Trying to round them up would be futile – we’re talking about a country that can’t even agree to block sales to the people already on a list of suspected terrorists. Good luck insisting teachers, pastors, Girl Guide leaders and other upstanding citizens have to hand in their weapons, when they now every religious zealot, conspiracy theorist and free-range crazy in the country will hold onto theirs. Even in Canada the gun registry sparked enough opposition to lead to its demise; in the U.S. the resistance would be many times greater.

This is the logic of people like Donald Trump, and shows how perverse the debate has become.

It seems more likely the country will go in the opposite direction. With each mass shooting the logic of personal weaponry gains credence: if so many dangerous people are armed, why should innocent people go defenceless? They may despise the notion that individuals need a weapon to feel safe in a democratic country – it may offend their vision of what the U.S. is all about – but each time gunshots interrupt a school hallway or a public health facility like the one in San Bernardino, the logic of having a defensive weapon grows. If it happened to you, at least you could do something besides hide.

This is the logic of people like Donald Trump, and the number of Americans who want to be likened to Donald Trump is still pretty low, despite his current standing in political polls. It shows how perverse the debate has become:

The more people hate and fear guns, the more they feel the need to have one.

It’s the ultimate aspiration of the NRA, to turn the entire country into the Wild West. Obama might have realized that as he delivered his plea on Sunday. No wonder he looked weary.



By Kelly McParland, symptoms with the consent of the author

Anyone who has experience in dealing with government regulations – which must include almost every adult Canadian – is familiar with the mindlessness that often afflicts the blinkered world of public administration.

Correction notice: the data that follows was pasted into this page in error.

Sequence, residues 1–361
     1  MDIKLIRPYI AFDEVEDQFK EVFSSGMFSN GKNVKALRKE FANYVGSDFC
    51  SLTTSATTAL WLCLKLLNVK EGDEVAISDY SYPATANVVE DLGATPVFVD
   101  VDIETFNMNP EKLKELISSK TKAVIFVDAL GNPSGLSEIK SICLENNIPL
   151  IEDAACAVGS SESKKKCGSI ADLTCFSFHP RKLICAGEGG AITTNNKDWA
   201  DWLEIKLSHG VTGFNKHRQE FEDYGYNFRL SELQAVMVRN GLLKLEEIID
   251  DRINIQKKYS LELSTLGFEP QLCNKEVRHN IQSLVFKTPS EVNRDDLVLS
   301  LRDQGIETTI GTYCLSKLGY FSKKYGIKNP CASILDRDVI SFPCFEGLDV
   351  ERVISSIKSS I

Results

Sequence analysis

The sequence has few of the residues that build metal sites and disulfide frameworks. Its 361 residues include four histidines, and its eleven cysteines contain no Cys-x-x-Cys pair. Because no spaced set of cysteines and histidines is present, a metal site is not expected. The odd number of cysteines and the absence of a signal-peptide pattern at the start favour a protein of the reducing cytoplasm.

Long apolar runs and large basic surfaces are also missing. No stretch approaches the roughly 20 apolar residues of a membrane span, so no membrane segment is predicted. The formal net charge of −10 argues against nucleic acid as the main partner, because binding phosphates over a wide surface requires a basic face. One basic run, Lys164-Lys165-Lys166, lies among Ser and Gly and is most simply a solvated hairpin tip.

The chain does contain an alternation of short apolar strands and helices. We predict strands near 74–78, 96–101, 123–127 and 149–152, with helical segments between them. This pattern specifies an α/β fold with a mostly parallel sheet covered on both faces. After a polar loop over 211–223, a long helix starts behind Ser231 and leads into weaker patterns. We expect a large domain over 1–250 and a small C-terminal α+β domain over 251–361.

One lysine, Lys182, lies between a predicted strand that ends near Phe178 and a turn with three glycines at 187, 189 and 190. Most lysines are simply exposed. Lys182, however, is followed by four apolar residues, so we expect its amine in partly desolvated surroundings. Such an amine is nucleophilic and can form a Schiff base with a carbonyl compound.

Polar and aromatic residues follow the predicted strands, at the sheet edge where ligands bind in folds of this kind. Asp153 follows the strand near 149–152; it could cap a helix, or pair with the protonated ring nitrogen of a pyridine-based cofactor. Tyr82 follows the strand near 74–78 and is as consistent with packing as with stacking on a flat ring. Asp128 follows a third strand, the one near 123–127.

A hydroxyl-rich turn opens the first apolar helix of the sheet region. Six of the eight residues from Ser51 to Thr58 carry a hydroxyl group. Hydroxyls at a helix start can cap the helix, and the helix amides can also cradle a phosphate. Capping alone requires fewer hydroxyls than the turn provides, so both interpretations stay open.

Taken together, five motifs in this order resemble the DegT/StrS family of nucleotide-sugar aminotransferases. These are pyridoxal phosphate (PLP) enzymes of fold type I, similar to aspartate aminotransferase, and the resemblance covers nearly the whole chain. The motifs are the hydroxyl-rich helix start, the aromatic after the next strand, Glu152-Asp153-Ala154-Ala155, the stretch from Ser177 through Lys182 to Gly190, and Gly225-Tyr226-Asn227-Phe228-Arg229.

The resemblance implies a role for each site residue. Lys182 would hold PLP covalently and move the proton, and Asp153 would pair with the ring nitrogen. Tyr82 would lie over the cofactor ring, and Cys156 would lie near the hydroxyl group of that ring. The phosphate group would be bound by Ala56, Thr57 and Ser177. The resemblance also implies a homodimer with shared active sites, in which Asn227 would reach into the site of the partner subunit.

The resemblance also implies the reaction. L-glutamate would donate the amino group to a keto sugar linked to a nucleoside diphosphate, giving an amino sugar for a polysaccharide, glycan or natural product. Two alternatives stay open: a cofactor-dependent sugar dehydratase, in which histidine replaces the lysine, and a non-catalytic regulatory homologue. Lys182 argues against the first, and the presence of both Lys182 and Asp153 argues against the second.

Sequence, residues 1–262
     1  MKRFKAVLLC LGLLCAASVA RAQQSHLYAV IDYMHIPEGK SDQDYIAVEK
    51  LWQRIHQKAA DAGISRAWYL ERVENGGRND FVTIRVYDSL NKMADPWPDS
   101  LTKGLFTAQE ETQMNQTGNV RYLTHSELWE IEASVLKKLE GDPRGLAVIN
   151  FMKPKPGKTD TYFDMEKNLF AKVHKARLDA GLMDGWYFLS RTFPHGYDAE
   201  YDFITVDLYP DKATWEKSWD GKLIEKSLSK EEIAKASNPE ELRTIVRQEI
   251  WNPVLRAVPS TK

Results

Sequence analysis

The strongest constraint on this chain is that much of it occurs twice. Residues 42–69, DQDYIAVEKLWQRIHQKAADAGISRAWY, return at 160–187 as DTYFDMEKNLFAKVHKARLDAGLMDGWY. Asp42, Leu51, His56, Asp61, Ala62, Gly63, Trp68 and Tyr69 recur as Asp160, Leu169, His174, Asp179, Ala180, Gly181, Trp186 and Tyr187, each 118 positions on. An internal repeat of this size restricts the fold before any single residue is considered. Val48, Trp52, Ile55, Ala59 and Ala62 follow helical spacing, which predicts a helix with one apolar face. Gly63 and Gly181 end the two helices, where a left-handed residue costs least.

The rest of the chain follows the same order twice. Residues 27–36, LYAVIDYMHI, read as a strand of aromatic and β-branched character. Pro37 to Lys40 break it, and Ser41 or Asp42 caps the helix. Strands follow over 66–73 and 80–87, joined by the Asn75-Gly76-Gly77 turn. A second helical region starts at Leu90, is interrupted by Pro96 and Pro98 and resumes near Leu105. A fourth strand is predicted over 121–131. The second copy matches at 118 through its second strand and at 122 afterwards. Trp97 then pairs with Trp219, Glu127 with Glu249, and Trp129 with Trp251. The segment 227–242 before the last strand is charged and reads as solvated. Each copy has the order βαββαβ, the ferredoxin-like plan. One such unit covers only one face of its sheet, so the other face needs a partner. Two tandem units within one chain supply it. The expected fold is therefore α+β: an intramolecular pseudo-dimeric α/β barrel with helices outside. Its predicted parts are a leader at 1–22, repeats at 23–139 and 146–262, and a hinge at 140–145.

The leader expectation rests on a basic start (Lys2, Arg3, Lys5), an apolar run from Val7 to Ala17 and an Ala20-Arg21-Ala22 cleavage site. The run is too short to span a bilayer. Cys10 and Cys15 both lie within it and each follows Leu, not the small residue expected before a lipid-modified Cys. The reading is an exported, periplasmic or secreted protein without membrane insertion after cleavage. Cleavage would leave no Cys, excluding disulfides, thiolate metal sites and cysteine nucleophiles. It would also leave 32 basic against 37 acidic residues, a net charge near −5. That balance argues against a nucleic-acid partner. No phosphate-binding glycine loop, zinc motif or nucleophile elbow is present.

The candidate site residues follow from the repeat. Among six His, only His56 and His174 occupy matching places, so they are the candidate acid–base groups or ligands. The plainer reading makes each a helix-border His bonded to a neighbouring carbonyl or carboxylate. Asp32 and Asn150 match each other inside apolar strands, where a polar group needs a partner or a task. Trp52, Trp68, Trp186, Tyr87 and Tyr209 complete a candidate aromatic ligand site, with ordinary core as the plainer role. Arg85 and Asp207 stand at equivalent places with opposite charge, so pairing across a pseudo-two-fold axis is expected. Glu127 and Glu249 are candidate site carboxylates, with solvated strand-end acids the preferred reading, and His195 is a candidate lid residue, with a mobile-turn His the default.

Kids enjoying a game of road hockey become a safety issue that can’t be tolerated; a sheet of open pond must be closed to skaters for fear of liability issues; a pet that wanders into the neighbour’s yard against local bylaws exposes its owner to a hefty fine.

To pretend the EU decision is merely an administrative quirk is to trivialize the spiteful nature of its impact.

These are relatively minor irritants, but reflect an administrative denseness that on a larger scale becomes altogether insidious. One rule begets another, which leads to a third, which ends with the absurd, the unfair or the vindictive.

This is what underlies Israel’s justifiable anger at a European Union ruling that goods produced in areas gained by Israel during the Six-Day War in 1967 must be labeled to indicate they originate in Israeli settlements. The ruling may not equate to the use of yellow stars to identify Jews in Nazi Germany as some Israeli politicians have claimed, but it is unquestionably discriminatory and meant to have a punitive impact on Israel. There are no health, safety or other legitimate reasons to justify separate labeling, which can only encourage politically-motivated efforts to mount boycotts of Israeli products and Israel itself.